Book vs Film: On Douglas Adams’s birthday, we debate about The Hitchhiker’s Guide to the Galaxy
It is a testimony to the undying popularity of Douglas Adams’s The Hitchhiker’s Guide to The Galaxy (1979) that a cherry red Tesla car floating in space right now has the words ‘Don’t Panic’ written in “large friendly letters” on its dashboard. The car also has a copy of the book in its glove box.
If multilingual aliens do find the car and the book, they’d probably think The Hitchhiker’s Guide to The Galaxy is the most popular book on planet Earth. And they wouldn’t entirely be wrong.
Douglas Adams’s all-time best-selling sci-fi comedy is something of a popular culture phenomenon, which has been adapted across multiple media: radio, books, stage, TV, comics, computer games, and made into a very successful film.
Even nearly 40 years after its publication, Adams’s dark, absurdist humour, inventive plot twists and loony characters continue to delight and win over readers.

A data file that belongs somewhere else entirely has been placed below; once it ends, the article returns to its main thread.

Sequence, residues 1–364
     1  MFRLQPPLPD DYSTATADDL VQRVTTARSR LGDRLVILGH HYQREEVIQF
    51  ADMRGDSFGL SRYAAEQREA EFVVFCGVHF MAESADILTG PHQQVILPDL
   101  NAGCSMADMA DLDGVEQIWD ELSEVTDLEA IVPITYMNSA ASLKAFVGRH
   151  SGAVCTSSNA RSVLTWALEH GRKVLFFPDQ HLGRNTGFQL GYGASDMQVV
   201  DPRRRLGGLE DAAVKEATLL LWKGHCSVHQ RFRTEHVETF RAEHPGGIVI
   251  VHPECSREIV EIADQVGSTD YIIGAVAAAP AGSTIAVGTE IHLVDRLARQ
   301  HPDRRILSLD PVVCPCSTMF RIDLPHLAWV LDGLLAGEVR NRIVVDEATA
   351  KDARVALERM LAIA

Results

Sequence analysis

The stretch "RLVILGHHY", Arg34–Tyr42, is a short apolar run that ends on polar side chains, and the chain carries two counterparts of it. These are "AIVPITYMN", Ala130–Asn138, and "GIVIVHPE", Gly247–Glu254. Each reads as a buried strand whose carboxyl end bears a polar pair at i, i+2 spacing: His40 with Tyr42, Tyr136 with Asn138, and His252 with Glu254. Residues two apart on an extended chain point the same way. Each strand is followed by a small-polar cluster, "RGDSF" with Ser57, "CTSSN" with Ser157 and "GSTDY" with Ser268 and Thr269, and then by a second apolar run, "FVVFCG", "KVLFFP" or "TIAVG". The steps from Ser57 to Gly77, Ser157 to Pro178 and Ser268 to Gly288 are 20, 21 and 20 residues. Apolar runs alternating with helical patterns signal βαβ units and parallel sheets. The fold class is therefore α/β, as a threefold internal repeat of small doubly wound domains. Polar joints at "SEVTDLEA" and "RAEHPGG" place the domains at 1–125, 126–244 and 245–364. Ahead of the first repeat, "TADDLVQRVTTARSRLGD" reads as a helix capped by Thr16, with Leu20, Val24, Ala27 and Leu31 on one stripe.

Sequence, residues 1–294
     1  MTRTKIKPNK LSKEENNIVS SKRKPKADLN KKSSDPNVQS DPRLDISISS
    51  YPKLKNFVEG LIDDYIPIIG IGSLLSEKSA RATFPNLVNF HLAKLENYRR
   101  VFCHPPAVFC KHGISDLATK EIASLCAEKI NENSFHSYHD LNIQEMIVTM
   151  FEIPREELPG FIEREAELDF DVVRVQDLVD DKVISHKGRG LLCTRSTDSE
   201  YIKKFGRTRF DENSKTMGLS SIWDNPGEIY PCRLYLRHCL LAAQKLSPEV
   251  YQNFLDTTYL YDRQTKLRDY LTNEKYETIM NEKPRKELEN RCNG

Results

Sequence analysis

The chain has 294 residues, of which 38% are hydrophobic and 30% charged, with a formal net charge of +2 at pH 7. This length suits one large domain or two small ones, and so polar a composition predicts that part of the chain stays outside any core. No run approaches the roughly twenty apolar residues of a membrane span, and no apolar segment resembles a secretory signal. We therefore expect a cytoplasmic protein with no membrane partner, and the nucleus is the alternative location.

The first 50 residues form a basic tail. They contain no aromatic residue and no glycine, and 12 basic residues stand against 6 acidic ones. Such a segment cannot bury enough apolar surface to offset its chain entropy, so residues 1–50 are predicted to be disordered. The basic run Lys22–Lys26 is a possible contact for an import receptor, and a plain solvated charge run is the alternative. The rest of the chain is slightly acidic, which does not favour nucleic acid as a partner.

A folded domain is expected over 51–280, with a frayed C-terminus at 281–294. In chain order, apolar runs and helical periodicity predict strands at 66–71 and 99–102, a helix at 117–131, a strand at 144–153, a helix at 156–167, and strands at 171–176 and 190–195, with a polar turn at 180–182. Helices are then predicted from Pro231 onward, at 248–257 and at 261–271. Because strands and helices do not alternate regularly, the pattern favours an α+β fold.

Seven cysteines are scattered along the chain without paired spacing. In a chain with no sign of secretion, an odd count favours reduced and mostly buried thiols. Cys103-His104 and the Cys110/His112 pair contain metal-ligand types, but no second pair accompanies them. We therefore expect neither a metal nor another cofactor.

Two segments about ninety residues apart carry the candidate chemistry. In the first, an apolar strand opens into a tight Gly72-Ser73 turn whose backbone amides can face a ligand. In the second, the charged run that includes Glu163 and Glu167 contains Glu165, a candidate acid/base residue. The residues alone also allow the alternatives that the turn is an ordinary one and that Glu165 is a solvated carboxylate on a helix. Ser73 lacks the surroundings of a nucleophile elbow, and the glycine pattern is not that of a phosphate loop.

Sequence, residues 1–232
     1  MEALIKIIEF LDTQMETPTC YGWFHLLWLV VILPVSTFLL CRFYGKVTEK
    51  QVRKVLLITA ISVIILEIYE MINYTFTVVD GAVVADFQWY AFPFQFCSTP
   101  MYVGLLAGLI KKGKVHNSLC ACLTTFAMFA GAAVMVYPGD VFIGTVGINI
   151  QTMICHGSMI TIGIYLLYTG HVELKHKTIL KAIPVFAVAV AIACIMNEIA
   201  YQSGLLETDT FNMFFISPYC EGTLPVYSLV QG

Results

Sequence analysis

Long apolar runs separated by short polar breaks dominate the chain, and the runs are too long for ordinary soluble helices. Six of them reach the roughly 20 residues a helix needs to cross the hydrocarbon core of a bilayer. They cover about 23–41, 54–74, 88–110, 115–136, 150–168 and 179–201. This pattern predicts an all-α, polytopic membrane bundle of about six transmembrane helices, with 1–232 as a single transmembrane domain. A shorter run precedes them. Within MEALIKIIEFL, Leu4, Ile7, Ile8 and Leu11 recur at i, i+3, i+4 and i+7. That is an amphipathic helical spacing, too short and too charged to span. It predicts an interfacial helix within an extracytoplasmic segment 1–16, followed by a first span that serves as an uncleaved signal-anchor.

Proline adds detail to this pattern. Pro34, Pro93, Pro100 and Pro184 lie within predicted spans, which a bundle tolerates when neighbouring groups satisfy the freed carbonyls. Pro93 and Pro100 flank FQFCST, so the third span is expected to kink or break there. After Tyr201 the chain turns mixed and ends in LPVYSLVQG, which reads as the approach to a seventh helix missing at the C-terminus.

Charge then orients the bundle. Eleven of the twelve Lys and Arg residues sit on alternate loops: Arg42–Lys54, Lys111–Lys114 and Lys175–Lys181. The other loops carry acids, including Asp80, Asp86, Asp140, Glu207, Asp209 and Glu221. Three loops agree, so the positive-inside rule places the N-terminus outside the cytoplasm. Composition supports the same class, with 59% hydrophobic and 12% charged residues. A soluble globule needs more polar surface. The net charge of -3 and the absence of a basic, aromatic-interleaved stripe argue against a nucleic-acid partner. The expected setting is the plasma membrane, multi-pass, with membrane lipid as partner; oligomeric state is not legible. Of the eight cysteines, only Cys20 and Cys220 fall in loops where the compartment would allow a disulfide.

Adams also co-wrote the screenplay for the movie based on the book before his premature death in 2001.
There are many kinds of adaptations. Sometimes, they’re very faithful and on other occasions they’re almost separate entities. Garth Jennings’ film is the best of both worlds - warmly nostalgic for fans, but with its own unique personality as well. It’s worth mentioning that it was Jennings’ first feature film, and featured a host of fine character actors, including the recent Oscar-winner, Sam Rockwell, in a role that could possibly have inspired Donald Trump.
Watch the FB Live discussion between two people, one who loves the book, and the other who found it (fans of the novel, brace yourselves) to be boring!
Here’s a longer chat version. Rohan is white and Supriya is green.
We’ll take our discussion live on the Hindustan Times Facebook page on March 14 at 4pm. Join us and share your thoughts, opinions and objections.
You can read our previous chat, about Kingsman: The Secret Service, here.
Next week: Annihilation, the first book in American author Jeff VanderMeer’s Southern Reach Trilogy. The movie adaptation, starring Natalie Portman, releases on Netflix on March 12.
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